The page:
In terms of near-term opportunities, Chen talked through an interesting application involving mmWave and electrical vehicles that more than addressing any sort of power constraints. “With electrical vehicles you certainly have enough battery to power any device. mmWave can actually get more deployment beyond just localized to city centers or stadium-type scenarios.” Given demand and funding discussions around electrical vehicle charging infrastructure, you can see clear parallels between distributed charging infrastructure as a platform for further deployment of mmWave radios.
Chen continued: “I can see EVs essentially becoming the entertainment hub and the cell phones and the users are using that as a hot spot on wheels. You could actually relay and aggregate traffic and with smart caching of content be able to use mmWave at the right hot spot or location to do fast uploading or downloading of content, caching, and then while it’s moving out of mmWave coverage, you still rely on 5G mid-band or low-band as a kind of constant, always-on connection. That combination may provide a much better usage scenario and make it easier for the end consumer to adopt.”
For industrial mmWave, it’s all about the SLAs
For enterprise digital transformation, mmWave has a clear role to play given its ability to support very high throughput speeds and single-digit latencies. But in order to deliver enterprise applications like precision robotics, autonomous guided vehicles and the like, reliability is key. On the technological side, this is being addressed through things like coordinated multi-point to ensure robust connectivity in harsh industrial-type environments where connected objects are in motion and in otherwise challenging RF conditions. In tandem there’s also considerable focus on how operators and their partners will maintain service level agreements to support enterprise needs; this also involves robust pre-deployment test, measurement and optimization.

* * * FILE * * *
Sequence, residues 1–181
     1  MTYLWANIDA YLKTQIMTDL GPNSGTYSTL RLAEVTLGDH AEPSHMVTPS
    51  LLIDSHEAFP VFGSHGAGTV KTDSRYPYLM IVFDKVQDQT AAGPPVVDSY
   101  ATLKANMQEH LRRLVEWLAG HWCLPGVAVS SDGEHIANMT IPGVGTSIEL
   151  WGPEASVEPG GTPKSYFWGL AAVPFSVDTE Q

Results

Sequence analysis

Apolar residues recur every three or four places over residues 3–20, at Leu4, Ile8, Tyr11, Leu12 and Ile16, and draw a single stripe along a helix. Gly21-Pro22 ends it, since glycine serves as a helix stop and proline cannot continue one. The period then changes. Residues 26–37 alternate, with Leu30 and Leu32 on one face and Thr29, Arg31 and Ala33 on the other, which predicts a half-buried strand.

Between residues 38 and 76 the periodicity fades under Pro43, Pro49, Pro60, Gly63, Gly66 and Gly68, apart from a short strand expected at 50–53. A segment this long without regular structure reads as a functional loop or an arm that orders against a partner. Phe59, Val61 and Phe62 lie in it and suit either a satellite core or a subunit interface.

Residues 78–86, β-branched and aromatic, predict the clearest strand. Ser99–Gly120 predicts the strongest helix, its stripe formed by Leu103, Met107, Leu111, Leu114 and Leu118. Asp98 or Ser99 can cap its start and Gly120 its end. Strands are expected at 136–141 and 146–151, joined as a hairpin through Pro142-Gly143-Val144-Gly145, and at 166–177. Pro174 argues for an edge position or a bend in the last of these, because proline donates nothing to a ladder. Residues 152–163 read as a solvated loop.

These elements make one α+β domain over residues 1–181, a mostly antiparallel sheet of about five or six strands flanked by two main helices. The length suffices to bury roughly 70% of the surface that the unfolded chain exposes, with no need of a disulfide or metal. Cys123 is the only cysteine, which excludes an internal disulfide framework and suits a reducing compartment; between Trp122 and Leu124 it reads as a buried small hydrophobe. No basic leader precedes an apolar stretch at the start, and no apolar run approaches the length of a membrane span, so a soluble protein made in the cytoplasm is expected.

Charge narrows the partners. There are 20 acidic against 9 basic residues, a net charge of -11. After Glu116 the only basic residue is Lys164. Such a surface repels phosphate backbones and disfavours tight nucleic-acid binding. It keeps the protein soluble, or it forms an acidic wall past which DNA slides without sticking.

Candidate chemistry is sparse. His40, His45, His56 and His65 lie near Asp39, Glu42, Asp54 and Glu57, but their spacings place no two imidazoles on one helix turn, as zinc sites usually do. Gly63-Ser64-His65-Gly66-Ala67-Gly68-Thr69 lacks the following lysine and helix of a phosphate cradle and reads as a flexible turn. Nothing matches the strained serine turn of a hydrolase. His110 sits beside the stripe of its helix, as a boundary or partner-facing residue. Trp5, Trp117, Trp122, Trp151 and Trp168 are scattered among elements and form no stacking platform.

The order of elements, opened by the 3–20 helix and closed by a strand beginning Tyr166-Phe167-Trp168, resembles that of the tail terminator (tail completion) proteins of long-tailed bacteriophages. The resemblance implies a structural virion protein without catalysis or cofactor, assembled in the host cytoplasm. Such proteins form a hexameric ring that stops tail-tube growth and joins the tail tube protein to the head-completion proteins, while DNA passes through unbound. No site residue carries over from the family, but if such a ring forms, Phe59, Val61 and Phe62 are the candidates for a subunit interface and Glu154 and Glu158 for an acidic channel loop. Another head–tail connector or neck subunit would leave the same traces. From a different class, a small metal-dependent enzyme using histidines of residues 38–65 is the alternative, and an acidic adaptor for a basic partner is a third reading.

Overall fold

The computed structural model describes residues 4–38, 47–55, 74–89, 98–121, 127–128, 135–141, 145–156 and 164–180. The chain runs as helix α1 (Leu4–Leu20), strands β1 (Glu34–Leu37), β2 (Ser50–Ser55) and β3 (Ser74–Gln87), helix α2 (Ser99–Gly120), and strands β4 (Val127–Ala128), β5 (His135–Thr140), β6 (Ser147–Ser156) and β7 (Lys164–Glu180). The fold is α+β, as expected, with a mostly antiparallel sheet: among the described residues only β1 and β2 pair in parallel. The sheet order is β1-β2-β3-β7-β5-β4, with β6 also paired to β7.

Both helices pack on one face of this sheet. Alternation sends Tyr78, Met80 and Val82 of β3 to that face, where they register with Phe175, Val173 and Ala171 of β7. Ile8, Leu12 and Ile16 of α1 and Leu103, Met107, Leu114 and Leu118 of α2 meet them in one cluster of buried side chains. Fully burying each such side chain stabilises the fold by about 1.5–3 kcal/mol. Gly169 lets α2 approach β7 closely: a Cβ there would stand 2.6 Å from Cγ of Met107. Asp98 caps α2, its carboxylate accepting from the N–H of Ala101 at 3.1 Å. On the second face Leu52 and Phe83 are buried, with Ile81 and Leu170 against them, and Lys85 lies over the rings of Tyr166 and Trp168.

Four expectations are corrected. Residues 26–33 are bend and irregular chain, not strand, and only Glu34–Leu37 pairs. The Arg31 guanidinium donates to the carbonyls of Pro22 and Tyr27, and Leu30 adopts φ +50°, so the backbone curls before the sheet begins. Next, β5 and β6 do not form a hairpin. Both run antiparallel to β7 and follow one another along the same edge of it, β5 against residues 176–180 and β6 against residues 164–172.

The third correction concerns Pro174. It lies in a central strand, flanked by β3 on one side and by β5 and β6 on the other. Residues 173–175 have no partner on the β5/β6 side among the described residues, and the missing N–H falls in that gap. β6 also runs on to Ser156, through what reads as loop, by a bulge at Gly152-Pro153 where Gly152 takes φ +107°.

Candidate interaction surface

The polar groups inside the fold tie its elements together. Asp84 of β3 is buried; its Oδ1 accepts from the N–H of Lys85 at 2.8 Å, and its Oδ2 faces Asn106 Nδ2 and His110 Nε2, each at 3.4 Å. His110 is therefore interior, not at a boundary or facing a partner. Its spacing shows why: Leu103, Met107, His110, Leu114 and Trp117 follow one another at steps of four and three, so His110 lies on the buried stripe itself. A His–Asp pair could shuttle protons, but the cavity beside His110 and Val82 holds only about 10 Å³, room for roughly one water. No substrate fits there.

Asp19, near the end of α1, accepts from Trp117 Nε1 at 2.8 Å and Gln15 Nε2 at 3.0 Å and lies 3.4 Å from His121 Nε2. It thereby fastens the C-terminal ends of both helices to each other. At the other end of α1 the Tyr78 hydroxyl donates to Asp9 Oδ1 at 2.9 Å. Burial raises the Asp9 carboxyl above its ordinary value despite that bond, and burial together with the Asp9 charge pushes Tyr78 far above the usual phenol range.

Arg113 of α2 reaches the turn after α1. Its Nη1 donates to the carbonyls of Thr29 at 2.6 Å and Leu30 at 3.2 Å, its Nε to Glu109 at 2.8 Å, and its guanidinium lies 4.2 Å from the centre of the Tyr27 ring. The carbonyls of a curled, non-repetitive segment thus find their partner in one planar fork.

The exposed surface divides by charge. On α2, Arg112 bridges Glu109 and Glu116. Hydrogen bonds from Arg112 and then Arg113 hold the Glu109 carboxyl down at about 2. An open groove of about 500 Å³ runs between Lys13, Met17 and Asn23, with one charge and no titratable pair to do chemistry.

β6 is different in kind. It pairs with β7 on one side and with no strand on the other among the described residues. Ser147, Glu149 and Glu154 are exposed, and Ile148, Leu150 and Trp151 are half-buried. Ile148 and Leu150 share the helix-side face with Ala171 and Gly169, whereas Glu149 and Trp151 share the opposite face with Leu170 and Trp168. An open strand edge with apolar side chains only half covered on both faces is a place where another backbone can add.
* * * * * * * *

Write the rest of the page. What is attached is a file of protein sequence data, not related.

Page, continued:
On test side, EXFO’s Danny Sleiman, 5G business development manager, said, “As soon as we’re getting more and more mission critical with the network and with different applications, what we’re seeing right now is a shift from operators deploying their network where instead of just asking for…information on whoever is installing their site, for example the contractors. They’re asking for a lot more requirements. The requirements go from synchronizing the network, making sure it’s validated at every point of the network, validating the fiber. If I take a step back on fiber testing, how important it is, it might not have been as important when we were talking about lower speed on the fiber. But as you go higher with speed, just a dirty fiber could have an effect. So we’re seeing that from a field installation perspective where the requirements from the operators are getting more and more. We need to deliver a site that’s foolproof.”
After a site is live, Sleiman explained that “ensuring those SLAs, monitoring the network, it’s key. You’re running tests basically in real time, ensuring for example that if you do have an SLA issue, you don’t just wait for the commercial user to call you. You actually inform the user. For medical surgery or connected healthcare, that’s going to be key. It will be important to make sure those SLAs are answered and perfect.”